Hello Boday, I am moving this thread to the correct community to they can help you solving your issue.
Thank you. But actually it seems the problem is more related to the nuc itself, because...
As I did a few more test today, I found when I install the wireless card into one of my laptop, it works perfectly fine when I put it at the same position in my home - even better reception than the Atheros one came with the laptop.
So the problem is on the nuc side.
Let me help you with this. All the information you have provided is very helpful for us to understand and have a clear picture of issue you are facing with the product.
Testing the adapter on another system is definitely the best step to discard issues with the card but I would like you to try some other steps:
- I understand you have installed the latest BIOS version but just in case do a BIOS recovery with the latest version again. Here is the download: https://downloadcenter.intel.com/Detail_Desc.aspx?DwnldID=24269
- Try uninstalling the Wireless driver from Device manager and download it again:
- For testing purposes, try disabling the UAPSD feature. Here you have information in how to do it:
- Try setting the Channel Bonding option on the driver option set for 20 MHz. Check this link for more information:
For testing purposes, you can also try using the NUC near the Router you have and let us know how it goes.
Thanks a lot for your suggestions. My test results are as follow:
1. I did a recovery of the bios again and found somehow the one I flashed last time was not the latest one, but was the one back in July - still much newer than the original one though...Anyway, after upgrading the bios the problem is still there.
2. I uninstall and delete the driver files and did a re-installation. No improvement.
3. This is a Advanced-N 6235 card which doesn't support U-APSD.
4. Tried to restrict the channel width of band 5.2 to only 20 MHz. No improvement.
5. Tried to open a hotspot with my phone and put it right next to the nuc, did a speed test, and it can do 20 mbps for both upload and download, which seems good.
A side note of the speed limit: it seems that only the download speed is severely reduced.
I did the same speed tests (provided by the local ISP) in my office and at home, and in both tests upload speed were as expected (full speed, even over a relatively long distance), but download speed were limited: 1 mbps instead of 2 mbps in the office (AP is two meters away), and 0.3 mbps instead of 20 mbps at home (router is about 8 meters away as described in the original post above).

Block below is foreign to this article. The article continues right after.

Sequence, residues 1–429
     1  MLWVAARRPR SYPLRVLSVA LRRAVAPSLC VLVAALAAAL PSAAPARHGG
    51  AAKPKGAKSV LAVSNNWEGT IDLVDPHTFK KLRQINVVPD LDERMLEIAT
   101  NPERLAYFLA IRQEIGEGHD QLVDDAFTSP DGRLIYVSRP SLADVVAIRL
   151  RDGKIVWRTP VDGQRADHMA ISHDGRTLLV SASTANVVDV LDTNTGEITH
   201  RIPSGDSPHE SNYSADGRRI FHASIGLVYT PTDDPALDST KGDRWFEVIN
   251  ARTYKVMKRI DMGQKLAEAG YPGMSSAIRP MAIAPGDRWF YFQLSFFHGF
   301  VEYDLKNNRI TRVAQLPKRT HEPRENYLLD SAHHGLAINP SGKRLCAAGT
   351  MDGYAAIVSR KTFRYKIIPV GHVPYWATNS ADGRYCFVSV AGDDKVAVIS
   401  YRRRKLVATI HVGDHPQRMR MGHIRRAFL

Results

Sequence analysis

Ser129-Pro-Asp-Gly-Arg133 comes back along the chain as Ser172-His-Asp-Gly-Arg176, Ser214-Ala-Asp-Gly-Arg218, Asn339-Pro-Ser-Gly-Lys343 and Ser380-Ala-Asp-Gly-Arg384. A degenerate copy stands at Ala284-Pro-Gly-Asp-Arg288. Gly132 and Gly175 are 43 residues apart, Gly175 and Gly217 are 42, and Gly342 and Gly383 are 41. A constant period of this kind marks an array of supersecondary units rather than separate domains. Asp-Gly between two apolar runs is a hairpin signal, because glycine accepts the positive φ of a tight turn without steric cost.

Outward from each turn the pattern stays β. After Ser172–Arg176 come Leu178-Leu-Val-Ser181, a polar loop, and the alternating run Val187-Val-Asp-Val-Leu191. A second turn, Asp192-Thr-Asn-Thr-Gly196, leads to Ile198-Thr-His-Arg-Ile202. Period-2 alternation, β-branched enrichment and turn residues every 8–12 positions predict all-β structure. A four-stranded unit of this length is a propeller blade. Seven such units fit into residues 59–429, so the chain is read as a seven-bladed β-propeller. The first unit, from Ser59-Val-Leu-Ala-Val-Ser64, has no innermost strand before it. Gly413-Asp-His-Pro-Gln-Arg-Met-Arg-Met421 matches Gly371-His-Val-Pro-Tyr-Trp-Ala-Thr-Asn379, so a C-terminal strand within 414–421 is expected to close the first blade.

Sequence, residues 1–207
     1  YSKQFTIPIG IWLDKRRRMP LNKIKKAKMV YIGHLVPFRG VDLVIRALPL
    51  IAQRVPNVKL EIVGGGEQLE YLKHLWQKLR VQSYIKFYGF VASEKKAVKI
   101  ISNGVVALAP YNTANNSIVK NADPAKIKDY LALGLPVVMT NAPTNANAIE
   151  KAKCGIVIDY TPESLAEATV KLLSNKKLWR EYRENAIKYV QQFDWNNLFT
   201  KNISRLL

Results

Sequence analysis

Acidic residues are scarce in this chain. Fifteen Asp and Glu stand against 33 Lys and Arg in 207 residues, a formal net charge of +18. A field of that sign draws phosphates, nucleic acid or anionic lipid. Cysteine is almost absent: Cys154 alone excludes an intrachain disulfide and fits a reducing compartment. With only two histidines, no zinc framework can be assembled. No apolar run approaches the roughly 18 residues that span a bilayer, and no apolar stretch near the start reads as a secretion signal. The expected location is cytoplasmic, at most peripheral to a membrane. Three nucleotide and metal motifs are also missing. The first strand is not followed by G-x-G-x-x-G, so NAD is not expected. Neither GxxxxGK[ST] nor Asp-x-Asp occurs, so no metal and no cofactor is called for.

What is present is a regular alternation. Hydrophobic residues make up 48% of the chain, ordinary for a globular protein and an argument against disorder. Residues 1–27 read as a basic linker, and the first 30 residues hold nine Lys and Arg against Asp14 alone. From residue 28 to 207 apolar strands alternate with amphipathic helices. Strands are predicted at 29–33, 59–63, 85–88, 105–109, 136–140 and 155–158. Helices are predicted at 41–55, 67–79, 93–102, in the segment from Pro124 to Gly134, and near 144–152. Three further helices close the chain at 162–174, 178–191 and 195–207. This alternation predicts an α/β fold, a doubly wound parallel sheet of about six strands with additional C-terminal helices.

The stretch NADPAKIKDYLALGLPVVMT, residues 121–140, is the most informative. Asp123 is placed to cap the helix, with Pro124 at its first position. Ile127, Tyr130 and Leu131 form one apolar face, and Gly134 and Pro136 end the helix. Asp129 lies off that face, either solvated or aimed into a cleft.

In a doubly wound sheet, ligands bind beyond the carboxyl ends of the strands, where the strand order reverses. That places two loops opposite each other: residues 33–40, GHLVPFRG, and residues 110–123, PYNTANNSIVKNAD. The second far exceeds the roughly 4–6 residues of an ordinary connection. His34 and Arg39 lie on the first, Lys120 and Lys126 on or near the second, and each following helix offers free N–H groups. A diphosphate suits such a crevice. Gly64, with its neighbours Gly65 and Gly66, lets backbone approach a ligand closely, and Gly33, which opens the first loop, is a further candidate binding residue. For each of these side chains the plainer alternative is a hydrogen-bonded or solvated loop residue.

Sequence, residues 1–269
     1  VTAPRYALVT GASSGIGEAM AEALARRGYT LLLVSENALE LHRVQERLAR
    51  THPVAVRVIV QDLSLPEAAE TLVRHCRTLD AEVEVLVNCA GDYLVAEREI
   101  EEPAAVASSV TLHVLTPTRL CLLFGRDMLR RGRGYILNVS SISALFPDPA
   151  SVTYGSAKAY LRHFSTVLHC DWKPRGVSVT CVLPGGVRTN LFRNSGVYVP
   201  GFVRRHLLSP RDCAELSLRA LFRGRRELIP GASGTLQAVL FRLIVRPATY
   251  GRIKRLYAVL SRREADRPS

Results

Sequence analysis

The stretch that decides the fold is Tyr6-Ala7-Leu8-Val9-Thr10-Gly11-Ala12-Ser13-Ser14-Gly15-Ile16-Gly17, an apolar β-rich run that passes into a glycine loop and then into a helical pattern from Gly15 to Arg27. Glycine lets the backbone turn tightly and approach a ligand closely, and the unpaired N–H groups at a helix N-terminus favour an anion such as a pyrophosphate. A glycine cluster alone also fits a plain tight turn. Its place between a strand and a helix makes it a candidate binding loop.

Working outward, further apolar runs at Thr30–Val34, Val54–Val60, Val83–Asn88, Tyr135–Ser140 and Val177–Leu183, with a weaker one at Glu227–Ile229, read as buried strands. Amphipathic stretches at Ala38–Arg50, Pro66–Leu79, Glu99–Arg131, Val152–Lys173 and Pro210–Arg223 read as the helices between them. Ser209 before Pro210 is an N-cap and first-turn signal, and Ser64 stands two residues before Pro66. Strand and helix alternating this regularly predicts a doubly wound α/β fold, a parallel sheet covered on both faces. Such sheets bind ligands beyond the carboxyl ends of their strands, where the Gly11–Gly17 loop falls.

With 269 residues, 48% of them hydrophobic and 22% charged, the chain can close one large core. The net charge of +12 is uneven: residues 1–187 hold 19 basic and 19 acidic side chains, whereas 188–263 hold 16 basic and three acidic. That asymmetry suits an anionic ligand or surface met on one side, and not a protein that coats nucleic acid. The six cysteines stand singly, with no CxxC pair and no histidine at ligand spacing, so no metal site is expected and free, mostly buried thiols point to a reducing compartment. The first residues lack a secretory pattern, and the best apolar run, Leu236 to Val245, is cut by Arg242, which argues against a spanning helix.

Thank you for the feedback.
Testing connection speed with online internet speed test is not the best option to get the transfer rate of the wireless card.
The download speed depends on the internet connection provided by the ISP which also can be limited by them. The easiest way to check the Wireless adapter transfer rate is to transfer a file between two computers on your local wireless (without internet) doing a peer to peer. You can refer to this link:
NOTE: These links are being offered for your convenience and should not be viewed as an endorsement by Intel of the content, products, or services offered there.
You can also try these steps:
- Go into BIOS Setup.
- Under the Power > Secondary Power Settings menu, disable the option called ASPM Enable Control.
- Press F10 to save and exit.
>Testing connection speed with online internet speed test is not the best option to get the transfer rate of the wireless card.
Yes I know, but as the difference is so obvious when testing at the same time and the same place, I think it's good enough to show the signal reception is quite weak.
>You can also try these steps:
I have tried this already but there was little improvement if at all.
Since it was still within a month I took the device back to the retailer and got changed for a new one. I tested the new one and found that the performance is basically the same. So I think that this should be a general issue.